Associate Professor Amirali Popat is a Fulbright Future Scholar and Director of Research at The University of Queensland’s (UQ) School of Pharmacy.

He has a Bachelor of Pharmacy and Master of Pharmacy (Gujarat University, India) and a PhD in Nanomedicine from the Australian Institute of Bioengineering and Nanotechnology (AIBN) UQ, 2012.

His research focuses on the development of stimuli responsive nanomaterials to overcome multiple biological barriers for precision medicine and development of personalised drug delivery systems using 3D printing for biomedical, veterinary, and agricultural applications. He has published over 100 papers and registered 3 patents in the last 10 years, while also winning many prestigious awards including the Journal of Nanobiotechnology’s rising star award, Fulbright Future Scholar award, UQ’s Faculty Higher Degree Research Award: Supervision, Controlled Release Society’s Early Career Researcher Award, and Queensland Young Tall Poppy Science Award.

What has your experience been like so far as a supervisor in the joint PhD program?

I have enjoyed the unique supervision arrangement between UQ and IITD. The joint PhD programme allows cross-pollination of complementary skills from two world-class institutions, allowing seamless collaborations. The program is well-structured with clear milestones and focuses on the development of world-class PhD graduates in key priority areas for both India and Australia.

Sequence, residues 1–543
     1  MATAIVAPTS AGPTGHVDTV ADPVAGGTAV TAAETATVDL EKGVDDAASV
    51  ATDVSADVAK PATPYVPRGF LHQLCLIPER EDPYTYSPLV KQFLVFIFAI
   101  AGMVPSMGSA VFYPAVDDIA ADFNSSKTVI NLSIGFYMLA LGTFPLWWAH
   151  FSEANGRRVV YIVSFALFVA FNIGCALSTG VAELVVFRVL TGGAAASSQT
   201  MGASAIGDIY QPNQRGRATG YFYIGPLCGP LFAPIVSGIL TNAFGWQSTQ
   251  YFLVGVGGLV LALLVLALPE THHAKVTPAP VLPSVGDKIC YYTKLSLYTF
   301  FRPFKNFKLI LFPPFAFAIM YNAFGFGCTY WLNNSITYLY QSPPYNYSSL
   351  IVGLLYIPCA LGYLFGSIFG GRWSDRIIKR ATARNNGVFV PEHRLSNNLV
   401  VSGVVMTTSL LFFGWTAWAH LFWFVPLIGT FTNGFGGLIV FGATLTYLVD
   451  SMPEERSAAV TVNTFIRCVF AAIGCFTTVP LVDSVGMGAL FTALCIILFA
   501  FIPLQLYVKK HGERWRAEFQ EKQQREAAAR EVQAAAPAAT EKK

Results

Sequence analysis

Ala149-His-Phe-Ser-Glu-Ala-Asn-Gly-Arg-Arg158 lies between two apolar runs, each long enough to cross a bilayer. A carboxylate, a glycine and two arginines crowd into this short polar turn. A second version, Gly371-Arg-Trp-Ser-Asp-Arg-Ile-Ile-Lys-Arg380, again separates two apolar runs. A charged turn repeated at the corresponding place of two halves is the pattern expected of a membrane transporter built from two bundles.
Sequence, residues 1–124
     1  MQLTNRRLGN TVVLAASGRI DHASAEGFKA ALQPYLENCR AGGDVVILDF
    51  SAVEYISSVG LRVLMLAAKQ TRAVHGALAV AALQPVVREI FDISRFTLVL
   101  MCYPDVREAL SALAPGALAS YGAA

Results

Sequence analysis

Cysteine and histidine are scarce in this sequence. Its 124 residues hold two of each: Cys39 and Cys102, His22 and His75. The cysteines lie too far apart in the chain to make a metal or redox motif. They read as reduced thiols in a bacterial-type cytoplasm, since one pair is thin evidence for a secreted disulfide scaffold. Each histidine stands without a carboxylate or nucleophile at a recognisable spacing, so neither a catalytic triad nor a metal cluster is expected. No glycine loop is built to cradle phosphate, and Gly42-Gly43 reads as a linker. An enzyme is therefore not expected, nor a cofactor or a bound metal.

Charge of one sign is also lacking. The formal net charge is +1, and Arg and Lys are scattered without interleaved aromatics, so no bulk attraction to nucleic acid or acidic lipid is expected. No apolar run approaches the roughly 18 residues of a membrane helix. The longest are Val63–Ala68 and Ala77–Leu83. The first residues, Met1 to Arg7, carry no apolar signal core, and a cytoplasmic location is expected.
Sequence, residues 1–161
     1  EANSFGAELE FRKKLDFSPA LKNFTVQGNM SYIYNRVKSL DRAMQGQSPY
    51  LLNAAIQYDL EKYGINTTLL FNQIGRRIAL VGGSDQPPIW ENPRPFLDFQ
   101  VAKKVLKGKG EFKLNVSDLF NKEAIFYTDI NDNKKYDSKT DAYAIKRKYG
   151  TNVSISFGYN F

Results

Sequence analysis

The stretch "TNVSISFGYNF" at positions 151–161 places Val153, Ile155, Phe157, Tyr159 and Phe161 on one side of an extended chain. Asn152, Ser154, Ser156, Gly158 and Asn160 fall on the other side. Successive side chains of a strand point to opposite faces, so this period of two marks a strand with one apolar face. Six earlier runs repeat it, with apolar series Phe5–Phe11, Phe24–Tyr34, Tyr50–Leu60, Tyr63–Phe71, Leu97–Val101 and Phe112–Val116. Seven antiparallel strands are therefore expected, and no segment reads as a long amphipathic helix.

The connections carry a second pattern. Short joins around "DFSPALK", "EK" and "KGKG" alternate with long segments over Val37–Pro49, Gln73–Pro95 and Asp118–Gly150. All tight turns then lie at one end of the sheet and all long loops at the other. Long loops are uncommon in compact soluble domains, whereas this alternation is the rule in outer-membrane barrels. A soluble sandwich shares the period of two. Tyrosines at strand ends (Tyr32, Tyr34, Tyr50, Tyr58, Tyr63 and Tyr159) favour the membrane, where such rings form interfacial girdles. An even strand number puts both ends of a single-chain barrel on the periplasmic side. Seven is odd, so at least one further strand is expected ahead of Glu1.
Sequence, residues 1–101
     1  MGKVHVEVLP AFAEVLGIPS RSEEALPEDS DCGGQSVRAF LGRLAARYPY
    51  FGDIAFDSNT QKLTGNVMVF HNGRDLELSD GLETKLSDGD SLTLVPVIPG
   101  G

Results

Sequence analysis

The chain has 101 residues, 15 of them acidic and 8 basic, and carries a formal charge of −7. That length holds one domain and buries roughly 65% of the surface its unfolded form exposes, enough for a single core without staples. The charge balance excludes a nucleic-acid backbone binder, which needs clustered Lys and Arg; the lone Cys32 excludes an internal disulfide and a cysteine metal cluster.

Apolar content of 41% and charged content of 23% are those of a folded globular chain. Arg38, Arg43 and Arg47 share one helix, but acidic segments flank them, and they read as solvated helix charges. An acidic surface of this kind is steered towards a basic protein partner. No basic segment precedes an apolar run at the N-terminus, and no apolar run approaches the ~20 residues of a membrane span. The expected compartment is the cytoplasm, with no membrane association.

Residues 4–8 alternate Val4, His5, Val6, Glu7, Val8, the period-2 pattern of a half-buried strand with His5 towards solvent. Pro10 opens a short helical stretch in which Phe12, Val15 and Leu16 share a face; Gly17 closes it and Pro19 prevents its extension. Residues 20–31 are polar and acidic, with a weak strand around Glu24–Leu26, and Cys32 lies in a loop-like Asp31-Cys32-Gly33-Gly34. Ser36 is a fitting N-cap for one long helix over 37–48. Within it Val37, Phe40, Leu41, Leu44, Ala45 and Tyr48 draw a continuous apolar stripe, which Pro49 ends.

How have you found the experience working with students and co-supervision with IITD researchers?

I am learning from supervisory teams in India and my interactions with their peers have created other opportunities for future projects. Most importantly, I am pleased with the quality of PhD students who have come through a highly competitive process. The program also offers flexibility in collaborative arrangements which provides better student experience and project outcomes.

What values or benefits does the joint PhD program bring to your work/research?

This program has brought two exceptionally talented researchers into my group in Australia. Their skills have benefited not only their own projects but mine as well. Diversity in science is key and these students have brought creativity, rigour and fresh perspectives to UQ, which is of benefit to everyone. 

Do you have any plans to extend collaboration with UQ/IITD collaborators beyond the joint PhD project?

Based on preliminary results we have collected through this program, we plan to apply for joint grants such as Australia India Strategic Research Funds (AISRF), Department of Biotechnology, Department of Science and Technology and NHMRC partnership grants with industry partners in India. We also plan to add additional students onto these projects as well as to increase the pool of researchers working in the areas of brain cancer and nanomedicine which is our present focus.